Oral contraception before and in early pregnancy 'won't affect foetus'
If you're worried about taking oral contraceptives shortly before or during your pregnancy, you'll be relieved to hear that the chances of birth defects are extremely unlikely, new research has found.
According to a study conducted by specialists in the US and Denmark, taking the pill doesn't increase the risk of your baby having problems. Little attention has been given to this area, so researchers took a closer look at Danish birth registers for live births between 1 January 1997 and 31 March 2011. They also documented prescription details in national registries to get an idea of women's contraceptive use leading up to and during early pregnancy.
From their research, they found that eight per cent of mothers stopped using the pill less than three months before they became pregnant, while one per cent of the ladies still took it into the early stages of carrying their child. Once birth defects that had a known cause were accounted for, the experts didn't find any link between the mums taking oral contraceptives and a foetus with a defect.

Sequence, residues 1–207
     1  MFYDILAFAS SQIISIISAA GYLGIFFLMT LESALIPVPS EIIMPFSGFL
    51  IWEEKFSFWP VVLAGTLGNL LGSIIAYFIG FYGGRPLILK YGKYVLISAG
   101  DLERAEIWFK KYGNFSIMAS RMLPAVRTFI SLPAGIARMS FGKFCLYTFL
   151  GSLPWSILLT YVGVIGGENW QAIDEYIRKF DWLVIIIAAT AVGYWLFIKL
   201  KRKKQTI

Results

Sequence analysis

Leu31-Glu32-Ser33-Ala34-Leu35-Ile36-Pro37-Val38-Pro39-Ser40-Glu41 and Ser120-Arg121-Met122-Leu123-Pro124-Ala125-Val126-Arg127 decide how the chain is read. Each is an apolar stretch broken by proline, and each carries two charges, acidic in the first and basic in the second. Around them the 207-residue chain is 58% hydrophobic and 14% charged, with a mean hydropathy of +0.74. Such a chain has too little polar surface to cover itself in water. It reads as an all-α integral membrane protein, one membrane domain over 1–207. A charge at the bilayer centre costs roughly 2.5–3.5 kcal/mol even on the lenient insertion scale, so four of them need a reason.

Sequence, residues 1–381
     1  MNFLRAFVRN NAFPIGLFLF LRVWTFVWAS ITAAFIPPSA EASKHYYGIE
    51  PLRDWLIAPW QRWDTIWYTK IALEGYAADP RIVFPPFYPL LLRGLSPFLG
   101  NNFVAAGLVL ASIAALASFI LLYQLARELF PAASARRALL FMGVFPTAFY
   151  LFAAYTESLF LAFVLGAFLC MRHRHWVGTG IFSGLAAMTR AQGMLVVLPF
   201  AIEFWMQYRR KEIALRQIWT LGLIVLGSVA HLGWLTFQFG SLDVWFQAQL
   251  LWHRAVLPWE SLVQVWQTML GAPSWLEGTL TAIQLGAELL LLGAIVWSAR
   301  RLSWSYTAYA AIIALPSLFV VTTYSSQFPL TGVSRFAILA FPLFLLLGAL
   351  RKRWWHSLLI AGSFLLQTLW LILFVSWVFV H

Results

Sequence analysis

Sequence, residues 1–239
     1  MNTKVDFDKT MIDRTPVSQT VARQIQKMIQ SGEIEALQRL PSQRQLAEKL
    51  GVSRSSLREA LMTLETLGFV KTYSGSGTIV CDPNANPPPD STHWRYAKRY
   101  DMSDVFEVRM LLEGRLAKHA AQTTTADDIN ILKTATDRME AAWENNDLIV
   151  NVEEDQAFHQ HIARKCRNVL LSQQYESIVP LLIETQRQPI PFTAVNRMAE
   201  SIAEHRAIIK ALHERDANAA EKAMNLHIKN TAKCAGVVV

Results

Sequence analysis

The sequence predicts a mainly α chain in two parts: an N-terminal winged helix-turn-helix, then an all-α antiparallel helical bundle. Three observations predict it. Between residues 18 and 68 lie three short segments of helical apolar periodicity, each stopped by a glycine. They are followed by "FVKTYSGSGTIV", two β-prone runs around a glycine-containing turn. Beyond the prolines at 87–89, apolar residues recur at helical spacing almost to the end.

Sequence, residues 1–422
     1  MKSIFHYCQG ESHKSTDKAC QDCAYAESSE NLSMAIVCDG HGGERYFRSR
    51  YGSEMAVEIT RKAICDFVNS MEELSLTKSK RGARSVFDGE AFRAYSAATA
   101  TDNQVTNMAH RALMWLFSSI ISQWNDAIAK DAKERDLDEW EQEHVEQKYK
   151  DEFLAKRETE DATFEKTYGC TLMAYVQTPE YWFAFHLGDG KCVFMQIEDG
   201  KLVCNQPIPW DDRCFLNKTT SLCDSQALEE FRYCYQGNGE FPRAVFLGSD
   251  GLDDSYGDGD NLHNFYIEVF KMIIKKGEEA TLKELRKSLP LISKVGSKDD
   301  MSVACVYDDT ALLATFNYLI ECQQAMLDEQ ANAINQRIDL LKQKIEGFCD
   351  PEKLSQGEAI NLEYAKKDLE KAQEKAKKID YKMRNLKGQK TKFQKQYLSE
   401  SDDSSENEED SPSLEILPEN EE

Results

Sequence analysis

“Many women stop using oral contraceptives when planning a pregnancy and conceive within just a few months. In both of those examples, a woman may inadvertently expose her offspring during pregnancy to exogenous sex hormones,” study author Brittany M. Charlton, an instructor at Harvard Medical School, told Time magazine.
She also noted that her research supported that of limited previous studies, which documented similar findings.